13/ New research from the Lead Exposure Elimination Project showed the dangerous levels of lead in paint in Zimbabwe and Sierra Leone. In response, governments in both countries are working with LEEP to try to tackle the problem and reduce lead exposure.
https://leadelimination.org/paint-study-results-sierra-leone/ and https://leadelimination.org/new-study-zimbabwe-botswana/ 

14/ The EA Forum criticism contest sparked a bunch of interesting and technical debate. One entry prompted GiveWell to re-assess their estimates of the cost-effectiveness of deworming, and inspired a second contest of its own!
https://forum.effectivealtruism.org/posts/NFhELFno7ScuCxXMY/the-winners-of-the-change-our-mind-contest-and-some#Prize_for_inspiring_the_Change_Our_Mind_Contest____20_000 

15/ The welfare of crabs, lobsters and prawns was recognised in UK legislation thanks to the new Animal Welfare (Sentience) Bill https://www.crustaceancompassion.org/single-post/great-news-what-next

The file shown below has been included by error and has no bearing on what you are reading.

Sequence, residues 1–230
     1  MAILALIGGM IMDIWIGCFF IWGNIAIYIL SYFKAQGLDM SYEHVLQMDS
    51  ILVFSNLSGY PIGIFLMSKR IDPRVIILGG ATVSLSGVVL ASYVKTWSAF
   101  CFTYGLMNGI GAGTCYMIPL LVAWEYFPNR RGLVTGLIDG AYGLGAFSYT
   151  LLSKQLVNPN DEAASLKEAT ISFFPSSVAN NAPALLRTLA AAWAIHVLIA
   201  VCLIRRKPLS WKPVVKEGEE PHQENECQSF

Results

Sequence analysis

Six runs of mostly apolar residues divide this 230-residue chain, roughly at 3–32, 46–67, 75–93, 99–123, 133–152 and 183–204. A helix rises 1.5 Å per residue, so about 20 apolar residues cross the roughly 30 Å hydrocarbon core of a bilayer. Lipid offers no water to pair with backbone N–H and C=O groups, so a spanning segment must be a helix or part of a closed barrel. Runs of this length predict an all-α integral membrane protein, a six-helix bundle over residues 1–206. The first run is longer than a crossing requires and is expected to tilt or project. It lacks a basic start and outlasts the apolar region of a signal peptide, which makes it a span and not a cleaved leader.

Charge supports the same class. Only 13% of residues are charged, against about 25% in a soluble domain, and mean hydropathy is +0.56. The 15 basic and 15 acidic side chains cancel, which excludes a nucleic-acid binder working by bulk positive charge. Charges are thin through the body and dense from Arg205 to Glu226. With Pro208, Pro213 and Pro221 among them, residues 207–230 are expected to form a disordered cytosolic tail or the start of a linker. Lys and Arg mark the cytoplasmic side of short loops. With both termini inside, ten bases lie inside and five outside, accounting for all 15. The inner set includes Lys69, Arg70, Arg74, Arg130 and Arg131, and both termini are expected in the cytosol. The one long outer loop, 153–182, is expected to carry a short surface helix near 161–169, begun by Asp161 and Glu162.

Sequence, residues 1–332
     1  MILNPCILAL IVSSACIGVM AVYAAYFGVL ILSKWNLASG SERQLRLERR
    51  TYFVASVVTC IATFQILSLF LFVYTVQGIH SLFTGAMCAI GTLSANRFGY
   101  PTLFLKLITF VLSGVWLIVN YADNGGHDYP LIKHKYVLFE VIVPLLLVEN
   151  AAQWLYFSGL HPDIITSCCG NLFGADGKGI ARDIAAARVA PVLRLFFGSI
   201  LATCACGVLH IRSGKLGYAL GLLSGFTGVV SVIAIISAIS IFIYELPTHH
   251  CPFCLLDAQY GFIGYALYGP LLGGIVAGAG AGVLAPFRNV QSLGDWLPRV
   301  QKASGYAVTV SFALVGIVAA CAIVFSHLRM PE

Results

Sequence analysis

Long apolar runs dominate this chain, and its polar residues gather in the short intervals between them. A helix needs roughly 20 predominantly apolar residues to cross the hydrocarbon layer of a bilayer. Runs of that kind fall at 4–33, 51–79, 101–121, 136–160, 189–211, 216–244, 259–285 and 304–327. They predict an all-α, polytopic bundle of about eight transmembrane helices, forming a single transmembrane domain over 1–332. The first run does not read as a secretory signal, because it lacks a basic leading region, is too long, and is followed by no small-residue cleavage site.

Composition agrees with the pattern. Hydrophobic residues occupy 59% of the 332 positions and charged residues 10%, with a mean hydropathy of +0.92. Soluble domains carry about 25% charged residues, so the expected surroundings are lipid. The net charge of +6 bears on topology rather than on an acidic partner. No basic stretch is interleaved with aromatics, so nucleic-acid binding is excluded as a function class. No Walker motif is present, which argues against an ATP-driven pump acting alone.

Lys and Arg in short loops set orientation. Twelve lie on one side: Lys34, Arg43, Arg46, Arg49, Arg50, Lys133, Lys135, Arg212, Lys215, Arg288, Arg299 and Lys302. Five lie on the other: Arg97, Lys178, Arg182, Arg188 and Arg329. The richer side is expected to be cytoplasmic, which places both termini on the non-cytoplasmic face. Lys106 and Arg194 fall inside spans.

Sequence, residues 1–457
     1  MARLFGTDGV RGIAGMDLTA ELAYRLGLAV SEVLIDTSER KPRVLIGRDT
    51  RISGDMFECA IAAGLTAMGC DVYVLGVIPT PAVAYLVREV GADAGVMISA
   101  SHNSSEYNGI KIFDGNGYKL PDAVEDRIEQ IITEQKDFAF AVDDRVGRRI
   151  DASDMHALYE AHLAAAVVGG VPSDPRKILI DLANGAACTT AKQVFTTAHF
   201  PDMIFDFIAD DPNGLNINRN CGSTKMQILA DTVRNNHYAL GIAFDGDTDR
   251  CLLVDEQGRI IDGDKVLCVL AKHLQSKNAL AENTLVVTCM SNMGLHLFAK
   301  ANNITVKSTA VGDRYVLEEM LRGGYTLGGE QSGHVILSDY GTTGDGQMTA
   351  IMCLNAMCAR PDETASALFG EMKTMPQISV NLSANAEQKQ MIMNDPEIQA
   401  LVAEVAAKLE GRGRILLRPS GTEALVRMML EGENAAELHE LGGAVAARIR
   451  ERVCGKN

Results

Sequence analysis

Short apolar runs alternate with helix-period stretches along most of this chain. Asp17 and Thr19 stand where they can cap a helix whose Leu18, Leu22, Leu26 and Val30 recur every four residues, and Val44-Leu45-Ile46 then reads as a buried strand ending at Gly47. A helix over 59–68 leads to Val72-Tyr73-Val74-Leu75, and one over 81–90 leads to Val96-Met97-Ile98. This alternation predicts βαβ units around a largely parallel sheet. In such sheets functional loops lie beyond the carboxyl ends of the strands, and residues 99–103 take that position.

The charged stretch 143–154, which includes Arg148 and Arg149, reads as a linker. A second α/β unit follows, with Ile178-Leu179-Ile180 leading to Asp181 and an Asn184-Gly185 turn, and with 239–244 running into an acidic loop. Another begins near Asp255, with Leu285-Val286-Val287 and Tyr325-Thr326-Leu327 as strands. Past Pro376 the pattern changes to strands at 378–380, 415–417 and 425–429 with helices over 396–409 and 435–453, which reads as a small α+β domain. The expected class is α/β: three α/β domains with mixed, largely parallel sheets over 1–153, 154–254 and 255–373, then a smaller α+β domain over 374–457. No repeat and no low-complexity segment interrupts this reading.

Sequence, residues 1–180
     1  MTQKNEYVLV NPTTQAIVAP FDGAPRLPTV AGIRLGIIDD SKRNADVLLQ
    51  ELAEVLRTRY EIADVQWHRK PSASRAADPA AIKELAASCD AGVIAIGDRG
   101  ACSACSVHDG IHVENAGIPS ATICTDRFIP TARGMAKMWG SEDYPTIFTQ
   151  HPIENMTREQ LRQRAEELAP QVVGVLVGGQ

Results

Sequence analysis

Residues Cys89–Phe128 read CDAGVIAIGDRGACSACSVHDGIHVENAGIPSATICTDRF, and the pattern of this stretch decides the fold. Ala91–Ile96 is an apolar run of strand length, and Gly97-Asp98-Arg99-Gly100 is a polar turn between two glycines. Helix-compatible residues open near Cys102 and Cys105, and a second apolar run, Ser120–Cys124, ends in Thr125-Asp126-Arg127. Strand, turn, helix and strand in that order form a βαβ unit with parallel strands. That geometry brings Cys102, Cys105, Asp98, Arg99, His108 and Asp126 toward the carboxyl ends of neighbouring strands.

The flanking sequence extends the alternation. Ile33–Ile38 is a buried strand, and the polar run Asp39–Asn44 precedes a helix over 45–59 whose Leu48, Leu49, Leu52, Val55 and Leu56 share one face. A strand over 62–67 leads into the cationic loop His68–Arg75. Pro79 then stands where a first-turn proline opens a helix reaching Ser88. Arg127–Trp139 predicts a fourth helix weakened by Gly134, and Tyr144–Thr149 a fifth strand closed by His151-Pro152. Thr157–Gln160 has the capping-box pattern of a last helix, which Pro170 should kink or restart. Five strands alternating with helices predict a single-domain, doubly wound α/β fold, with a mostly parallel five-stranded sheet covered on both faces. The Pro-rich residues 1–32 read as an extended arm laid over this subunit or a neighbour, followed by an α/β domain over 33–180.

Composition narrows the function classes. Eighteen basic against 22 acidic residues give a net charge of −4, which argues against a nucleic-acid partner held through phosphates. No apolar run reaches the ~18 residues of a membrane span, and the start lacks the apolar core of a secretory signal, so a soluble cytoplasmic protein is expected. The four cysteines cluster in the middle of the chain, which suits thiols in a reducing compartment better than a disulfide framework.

16/ Rethink Priorities, meanwhile, embarked on their ambitious Moral Weight Project to provide a better way to compare the interests of different species. https://forum.effectivealtruism.org/posts/hxtwzcsz8hQfGyZQM/an-introduction-to-the-moral-weight-project

17/ At the @medialab, the Nucleic Acid Observatory project launched — working to develop systems that will help provide an early-warning system for new biological threats. https://forum.effectivealtruism.org/posts/gLPEAFicFBW8BKCnr/announcing-the-nucleic-acid-observatory-project-for-early

18/ Longview Philanthropy and @givingwhatwecan launched the Longtermism Fund, a new fund supporting work on reducing existential risks. It's already supporting important work in AI safety, biosecurity and nuclear security. https://forum.effectivealtruism.org/posts/KKoDGiSkfsnco8iQf/longtermism-fund-december-2022-grants-report